Review: Guarded Prognosis, by Richard L. Mabry MD

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When Dr. Caden Taggart saw the two men sitting in his waiting room, he didn’t think they were patients. He was right, and when they introduced themselves as agents of the Drug Enforcement Agency, things started to get bad.

Then Caden felt as though someone had gut-punched him when his father, Dr. Henry Taggart, told him he probably had carcinoma of the pancreas. When he talked about his son assisting with his suicide, Caden wondered how he could talk him out of that.

When he shared his news with his wife, Beth, she tried to assure Caden that God was in control. But as things progressed, he was unsure that was true. At first, he feared for his freedom. Then for his ability to cope. Eventually, he feared for his life.

This was the first medical thriller I’ve ‘read’ (via Audible) for some time (I think the last one was probably a Michael Crichton, in the 80s!), and this one was written by an actual MD, although I’m pleased that it wasn’t too heavy with medical jargon – although it did stray a little on occasion.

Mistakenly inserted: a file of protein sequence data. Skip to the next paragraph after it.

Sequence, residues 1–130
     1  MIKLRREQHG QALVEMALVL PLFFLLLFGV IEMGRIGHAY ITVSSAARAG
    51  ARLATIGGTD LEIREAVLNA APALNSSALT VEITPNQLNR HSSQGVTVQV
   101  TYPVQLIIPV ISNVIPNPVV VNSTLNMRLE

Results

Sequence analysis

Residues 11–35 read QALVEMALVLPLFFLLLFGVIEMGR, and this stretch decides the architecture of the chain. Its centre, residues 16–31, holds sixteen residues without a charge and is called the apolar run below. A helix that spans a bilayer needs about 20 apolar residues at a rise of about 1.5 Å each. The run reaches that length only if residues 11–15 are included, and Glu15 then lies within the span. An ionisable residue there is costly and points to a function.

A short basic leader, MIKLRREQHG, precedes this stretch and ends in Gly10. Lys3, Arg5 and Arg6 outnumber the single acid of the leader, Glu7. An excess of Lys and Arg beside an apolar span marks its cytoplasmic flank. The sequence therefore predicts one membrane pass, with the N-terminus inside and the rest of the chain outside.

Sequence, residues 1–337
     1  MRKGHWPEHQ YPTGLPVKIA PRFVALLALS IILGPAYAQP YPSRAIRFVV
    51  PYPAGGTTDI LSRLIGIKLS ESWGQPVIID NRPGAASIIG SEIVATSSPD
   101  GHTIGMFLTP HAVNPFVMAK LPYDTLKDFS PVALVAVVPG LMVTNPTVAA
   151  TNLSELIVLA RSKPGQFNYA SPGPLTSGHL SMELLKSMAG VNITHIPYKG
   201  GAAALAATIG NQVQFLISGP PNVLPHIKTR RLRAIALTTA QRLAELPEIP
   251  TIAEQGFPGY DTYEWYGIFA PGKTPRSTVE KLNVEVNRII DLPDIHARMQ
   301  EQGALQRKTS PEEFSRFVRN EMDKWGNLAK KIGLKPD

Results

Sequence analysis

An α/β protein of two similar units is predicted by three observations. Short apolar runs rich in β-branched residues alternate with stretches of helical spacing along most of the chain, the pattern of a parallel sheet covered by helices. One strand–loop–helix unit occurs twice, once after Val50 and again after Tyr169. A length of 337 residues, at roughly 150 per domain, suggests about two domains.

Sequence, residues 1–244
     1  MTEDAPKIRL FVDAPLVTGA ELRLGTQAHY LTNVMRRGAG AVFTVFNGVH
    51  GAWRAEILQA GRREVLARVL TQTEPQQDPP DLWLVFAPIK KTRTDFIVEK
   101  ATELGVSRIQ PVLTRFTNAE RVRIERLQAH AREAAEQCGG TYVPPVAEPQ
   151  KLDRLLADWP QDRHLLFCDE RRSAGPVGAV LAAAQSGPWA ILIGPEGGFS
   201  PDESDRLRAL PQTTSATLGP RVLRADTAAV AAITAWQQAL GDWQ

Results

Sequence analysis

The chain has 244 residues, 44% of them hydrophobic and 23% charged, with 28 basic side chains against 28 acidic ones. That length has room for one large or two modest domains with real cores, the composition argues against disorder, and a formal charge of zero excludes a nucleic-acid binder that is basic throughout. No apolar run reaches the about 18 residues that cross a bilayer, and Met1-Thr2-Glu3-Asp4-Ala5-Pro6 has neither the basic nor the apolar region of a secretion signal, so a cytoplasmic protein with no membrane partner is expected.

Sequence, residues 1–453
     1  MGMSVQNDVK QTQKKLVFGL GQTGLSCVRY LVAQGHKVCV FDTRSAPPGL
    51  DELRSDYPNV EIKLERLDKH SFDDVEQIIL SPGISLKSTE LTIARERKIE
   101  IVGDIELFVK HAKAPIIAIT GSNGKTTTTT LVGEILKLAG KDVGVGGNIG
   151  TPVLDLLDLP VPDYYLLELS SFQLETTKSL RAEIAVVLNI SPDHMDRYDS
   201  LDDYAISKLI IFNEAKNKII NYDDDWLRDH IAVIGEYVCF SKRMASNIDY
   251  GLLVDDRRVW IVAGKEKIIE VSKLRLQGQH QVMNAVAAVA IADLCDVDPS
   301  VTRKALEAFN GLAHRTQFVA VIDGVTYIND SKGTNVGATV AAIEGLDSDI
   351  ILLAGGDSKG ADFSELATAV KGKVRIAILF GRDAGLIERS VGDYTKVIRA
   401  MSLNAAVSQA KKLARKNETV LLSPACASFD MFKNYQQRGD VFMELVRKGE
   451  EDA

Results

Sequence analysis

How best to review this book? Mmm…

The positives: The story held enough to interest me, although I found that you do have to suspend belief a little, especially in the supposed exploits of the DEA agents. The author creates a believable medical setting without being too technical. Narration was generally pretty good, and I was keen to find out what would happen to both Doctor Taggarts.

The not so positives: Not the fastest paced thriller out there. I’m normally okay with that if the story and characters can carry you along. The story was okay (with only a few bits that irritated me), but the characters? Wow, annoying. The author, I believe, was in practice from the 1960s, and his characters belong there. Old-fashioned in their outlook, behaviour, and lifestyle, they add a layer of unrealism to the story rather than bring it to life. There’s not much mystery here either. We know who the bad guys are from the off, with the only unknown being the insider. We’re only really introduced to a couple of the people at the practice, so there aren’t many candidates. And I guess like my medical professionals to place a little more reliance on science, and a little less on God.

All in all, mildly entertaining, but not the best out there.

 

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About djpaterson

Reader, Writer, Arithmeticer. Not always in that order.
This entry was posted in Book Review, Books, Fiction. Bookmark the permalink.

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